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From Latin modius, from modus (a measure) + -ius (forming adjectives). Cognate with muid.


modius (plural modii)

  1. (Ancient Rome, historical units of measure) A Roman dry measure of about a peck or 9 L.
  2. (historical units of measure) Various medieval units of dry and liquid volume.
  3. (religion, art) A bushel-shaped headdress worn by certain deities in classical art.


  • "modius, n.", in the Oxford English Dictionary, Oxford: Oxford University Press.




From modus (a measure) + -ius.


modius m (genitive modiī); second declension

  1. (historical units of measure) modius, a unit of dry measure (especially for grain) of about a peck or 9 L


Second declension.

Case Singular Plural
nominative modius modiī
genitive modiī modiōrum
dative modiō modiīs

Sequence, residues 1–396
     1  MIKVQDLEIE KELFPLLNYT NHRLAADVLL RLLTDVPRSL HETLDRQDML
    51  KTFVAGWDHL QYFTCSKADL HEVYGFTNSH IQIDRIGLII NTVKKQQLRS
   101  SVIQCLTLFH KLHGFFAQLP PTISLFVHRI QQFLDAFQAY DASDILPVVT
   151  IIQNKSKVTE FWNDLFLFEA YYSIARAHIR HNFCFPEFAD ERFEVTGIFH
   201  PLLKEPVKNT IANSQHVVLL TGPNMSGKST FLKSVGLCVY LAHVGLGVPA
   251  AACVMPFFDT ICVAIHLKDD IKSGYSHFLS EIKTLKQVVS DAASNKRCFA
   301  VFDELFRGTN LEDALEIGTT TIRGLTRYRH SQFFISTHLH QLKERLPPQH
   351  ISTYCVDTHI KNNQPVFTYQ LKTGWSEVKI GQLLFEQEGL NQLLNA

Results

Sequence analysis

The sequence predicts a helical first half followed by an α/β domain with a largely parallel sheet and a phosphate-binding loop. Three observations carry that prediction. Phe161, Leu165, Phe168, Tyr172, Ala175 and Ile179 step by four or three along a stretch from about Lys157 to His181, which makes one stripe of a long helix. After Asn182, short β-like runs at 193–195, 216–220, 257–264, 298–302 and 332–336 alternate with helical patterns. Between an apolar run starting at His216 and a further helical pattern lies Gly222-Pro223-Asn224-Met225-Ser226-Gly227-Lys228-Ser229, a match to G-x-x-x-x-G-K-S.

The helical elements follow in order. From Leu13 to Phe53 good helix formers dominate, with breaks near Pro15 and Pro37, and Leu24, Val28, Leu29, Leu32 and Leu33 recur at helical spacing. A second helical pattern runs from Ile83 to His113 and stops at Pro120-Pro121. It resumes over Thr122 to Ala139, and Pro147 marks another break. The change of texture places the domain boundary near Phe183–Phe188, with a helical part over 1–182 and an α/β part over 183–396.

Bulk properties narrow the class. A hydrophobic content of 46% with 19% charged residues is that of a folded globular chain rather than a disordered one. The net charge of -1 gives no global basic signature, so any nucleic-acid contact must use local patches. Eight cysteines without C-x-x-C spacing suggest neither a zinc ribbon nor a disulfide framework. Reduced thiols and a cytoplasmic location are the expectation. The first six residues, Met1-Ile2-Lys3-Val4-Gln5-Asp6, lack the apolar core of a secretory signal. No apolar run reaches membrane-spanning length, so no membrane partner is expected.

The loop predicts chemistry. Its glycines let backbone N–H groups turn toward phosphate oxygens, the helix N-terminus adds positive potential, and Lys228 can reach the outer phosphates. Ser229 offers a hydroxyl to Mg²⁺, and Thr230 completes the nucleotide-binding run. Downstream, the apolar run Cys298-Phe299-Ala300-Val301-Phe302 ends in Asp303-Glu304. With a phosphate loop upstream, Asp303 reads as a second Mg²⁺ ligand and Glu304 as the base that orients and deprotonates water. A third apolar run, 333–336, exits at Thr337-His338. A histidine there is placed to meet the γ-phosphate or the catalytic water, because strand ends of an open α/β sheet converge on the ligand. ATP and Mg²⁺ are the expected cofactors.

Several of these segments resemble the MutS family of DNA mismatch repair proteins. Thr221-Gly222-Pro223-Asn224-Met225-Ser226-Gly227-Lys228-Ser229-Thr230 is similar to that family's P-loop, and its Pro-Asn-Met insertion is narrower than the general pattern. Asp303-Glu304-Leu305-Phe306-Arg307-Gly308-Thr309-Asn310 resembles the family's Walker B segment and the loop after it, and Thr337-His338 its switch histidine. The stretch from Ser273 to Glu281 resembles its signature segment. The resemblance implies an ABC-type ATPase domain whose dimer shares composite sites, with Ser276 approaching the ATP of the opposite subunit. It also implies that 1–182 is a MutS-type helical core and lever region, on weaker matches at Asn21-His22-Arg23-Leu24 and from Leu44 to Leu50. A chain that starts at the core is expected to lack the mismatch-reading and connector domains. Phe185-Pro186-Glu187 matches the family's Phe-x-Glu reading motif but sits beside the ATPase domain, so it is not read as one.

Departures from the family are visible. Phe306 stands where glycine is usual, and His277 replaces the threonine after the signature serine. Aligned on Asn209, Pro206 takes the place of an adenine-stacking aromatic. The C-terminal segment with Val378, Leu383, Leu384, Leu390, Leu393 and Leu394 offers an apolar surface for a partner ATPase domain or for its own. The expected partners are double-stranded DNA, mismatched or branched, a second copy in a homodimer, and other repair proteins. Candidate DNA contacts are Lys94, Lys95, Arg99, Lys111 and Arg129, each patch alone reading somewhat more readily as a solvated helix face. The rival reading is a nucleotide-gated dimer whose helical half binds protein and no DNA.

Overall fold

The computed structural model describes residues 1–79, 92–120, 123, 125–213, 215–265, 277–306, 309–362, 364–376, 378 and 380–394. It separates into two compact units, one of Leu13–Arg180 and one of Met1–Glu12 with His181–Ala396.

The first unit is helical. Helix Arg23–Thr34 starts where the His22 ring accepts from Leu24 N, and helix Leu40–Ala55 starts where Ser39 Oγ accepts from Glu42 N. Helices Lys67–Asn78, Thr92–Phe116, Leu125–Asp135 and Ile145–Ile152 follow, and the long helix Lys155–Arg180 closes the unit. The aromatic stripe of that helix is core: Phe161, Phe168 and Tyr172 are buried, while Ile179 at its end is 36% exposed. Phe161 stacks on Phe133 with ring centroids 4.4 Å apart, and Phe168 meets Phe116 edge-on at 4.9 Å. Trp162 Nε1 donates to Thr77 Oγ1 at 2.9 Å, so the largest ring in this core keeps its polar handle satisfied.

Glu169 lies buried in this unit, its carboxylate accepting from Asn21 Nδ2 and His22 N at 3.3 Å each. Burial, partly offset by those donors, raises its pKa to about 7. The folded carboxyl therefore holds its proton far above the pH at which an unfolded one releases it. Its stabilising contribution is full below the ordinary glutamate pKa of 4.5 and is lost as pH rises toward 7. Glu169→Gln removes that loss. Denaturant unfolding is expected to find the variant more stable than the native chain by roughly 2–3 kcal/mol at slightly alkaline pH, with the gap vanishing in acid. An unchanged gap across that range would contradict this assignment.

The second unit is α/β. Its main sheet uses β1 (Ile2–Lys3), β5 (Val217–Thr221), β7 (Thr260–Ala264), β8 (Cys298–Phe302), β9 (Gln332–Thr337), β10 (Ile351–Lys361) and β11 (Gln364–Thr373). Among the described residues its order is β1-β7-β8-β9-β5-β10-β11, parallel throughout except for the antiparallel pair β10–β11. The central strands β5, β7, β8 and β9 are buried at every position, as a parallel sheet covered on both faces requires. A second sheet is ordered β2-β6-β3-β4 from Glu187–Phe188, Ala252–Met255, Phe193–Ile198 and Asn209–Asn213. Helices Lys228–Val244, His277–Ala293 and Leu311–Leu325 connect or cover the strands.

accusative modium modiōs
ablative modiō modiīs
vocative modie modiī


Derived terms[edit]



  • modius in Charlton T. Lewis and Charles Short (1879) A Latin Dictionary, Oxford: Clarendon Press
  • modius in Charlton T. Lewis (1891) An Elementary Latin Dictionary, New York: Harper & Brothers
  • du Cange, Charles (1883), “modius”, in G. A. Louis Henschel, Pierre Carpentier, Léopold Favre, editors, Glossarium Mediæ et Infimæ Latinitatis (in Latin), Niort: L. Favre
  • modius” in Félix Gaffiot’s Dictionnaire Illustré Latin-Français, Hachette (1934)
  • Carl Meissner; Henry William Auden (1894) Latin Phrase-Book[1], London: Macmillan and Co.
    • corn had gone up to 50 denarii the bushel: ad denarios L in singulos modios annona pervenerat
  • modius in Harry Thurston Peck, editor (1898) Harper's Dictionary of Classical Antiquities, New York: Harper & Brothers
  • modius in William Smith, editor (1848) A Dictionary of Greek Biography and Mythology, London: John Murray
  • modius in William Smith et al., editor (1890) A Dictionary of Greek and Roman Antiquities, London: William Wayte. G. E. Marindin